NEW YORK, NY - JUNE 03: A graduating student's cap declares their future intentions during commencement exercises at City College where First lady Michelle Obama delivered the commencement speech after being presented with an honorary doctorate of humane letters at City College on June 3, 2016 in New York City. This is the final commencement speech of her tenure as first lady. In her speech Mrs. Obama celebrated City CollegeÕs diverse student body and the struggles that many students endured on the road to graduation. (Photo by Spencer Platt/Getty Images)

Need-based scholarships and grants are exactly what their title indicates: money for students with a financial need.

More than 85% of college students receive some form of financial aid so there is no question that there is a lot of need at colleges and universities.

How do colleges determine who has a need? And is there enough money available to satisfy that need? The Cost of Attendance minus the Expected Family Contribution equals the Student Need.

The process for determining needs-based grants begins with students filling out the Free Application for Federal Student Aid (FAFSA) form. FAFSA asks questions about family income and assets. FAFSA then uses a formula to determine the EFC (Expected Family Contribution) and sends that information to whatever colleges the student is interested in attending.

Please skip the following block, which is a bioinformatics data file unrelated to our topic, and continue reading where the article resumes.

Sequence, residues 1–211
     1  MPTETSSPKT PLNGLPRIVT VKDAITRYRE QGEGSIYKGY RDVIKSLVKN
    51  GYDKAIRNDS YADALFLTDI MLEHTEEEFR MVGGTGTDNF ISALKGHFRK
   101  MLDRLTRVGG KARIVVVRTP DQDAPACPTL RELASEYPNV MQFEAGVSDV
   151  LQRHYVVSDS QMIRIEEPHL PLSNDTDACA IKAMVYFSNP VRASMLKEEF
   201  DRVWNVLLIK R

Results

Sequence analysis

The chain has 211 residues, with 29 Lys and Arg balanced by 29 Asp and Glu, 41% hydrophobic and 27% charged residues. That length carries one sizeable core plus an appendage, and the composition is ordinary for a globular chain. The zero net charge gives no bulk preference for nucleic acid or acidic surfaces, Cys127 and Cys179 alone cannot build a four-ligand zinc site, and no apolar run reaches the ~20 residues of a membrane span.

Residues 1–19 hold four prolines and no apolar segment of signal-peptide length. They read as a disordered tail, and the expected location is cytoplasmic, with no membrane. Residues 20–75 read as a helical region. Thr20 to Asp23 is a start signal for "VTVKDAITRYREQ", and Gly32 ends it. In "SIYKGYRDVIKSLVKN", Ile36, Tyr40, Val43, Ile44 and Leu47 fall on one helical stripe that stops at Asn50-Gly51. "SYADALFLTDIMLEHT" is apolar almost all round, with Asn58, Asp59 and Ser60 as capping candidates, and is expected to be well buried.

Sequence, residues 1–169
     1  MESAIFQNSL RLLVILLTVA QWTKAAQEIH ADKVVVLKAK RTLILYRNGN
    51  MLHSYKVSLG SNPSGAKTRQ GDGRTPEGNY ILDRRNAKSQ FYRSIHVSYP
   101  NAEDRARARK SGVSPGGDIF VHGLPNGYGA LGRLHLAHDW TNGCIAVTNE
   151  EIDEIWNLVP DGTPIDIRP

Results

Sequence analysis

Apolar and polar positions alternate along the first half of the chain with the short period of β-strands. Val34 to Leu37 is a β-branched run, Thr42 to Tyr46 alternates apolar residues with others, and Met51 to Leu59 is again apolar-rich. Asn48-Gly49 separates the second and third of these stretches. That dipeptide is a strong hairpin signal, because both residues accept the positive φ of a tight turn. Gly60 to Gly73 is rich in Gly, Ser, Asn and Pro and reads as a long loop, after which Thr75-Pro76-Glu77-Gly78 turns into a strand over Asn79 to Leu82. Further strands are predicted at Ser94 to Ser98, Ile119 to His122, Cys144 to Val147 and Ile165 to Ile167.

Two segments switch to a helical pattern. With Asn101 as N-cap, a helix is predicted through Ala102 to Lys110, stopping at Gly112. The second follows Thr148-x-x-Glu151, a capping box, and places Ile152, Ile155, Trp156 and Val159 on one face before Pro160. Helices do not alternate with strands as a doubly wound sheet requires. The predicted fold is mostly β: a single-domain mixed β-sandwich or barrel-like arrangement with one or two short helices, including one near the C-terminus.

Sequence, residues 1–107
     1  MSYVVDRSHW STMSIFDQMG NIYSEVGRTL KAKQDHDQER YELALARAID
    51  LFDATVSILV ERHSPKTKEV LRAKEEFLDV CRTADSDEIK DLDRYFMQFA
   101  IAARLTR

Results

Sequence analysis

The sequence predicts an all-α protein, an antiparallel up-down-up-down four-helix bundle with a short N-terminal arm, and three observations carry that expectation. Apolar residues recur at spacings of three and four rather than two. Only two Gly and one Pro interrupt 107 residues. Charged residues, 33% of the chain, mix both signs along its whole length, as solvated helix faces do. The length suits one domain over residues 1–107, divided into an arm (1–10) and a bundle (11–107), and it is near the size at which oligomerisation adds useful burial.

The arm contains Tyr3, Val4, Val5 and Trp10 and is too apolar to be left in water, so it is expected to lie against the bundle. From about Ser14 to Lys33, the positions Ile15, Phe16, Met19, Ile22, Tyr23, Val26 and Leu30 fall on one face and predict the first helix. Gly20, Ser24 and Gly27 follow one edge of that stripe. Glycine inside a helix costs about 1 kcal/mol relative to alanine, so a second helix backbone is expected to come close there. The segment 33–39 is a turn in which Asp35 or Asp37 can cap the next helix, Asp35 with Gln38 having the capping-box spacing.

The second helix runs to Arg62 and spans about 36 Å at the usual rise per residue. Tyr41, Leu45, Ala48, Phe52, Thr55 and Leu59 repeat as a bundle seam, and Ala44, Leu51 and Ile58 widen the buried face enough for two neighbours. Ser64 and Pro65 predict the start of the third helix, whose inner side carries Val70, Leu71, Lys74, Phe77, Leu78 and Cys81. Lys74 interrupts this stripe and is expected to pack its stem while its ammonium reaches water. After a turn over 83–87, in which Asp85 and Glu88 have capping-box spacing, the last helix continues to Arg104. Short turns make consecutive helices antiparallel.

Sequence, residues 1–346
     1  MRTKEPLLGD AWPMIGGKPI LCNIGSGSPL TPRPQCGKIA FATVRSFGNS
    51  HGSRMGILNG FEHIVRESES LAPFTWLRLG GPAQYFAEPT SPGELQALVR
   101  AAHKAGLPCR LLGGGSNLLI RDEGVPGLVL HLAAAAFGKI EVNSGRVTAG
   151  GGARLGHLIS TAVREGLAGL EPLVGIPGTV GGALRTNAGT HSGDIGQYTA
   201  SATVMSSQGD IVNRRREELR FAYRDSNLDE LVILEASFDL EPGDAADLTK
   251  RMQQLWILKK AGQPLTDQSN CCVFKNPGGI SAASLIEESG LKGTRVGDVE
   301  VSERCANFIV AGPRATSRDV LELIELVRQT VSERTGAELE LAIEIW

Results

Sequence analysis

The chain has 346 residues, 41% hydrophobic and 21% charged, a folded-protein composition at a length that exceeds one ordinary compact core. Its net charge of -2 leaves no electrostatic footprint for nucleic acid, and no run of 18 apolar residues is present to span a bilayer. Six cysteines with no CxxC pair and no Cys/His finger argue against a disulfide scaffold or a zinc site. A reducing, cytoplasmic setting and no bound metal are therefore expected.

A college’s financial aid office then does the math and comes up with the amount a student needs. Students with the most need, get the most grant money.

It is important to get the FAFSA filled out as early in the calendar year as possible. Grants in some states are determined on a first-come, first-served basis. It pays to file early, even if you have to estimate the answer to some questions. Your answers can be updated later.

Alexis Zarycki is your average girl with the hopes of leaving an everlasting impact on the world. Follow her on Instagram @official_lexpaige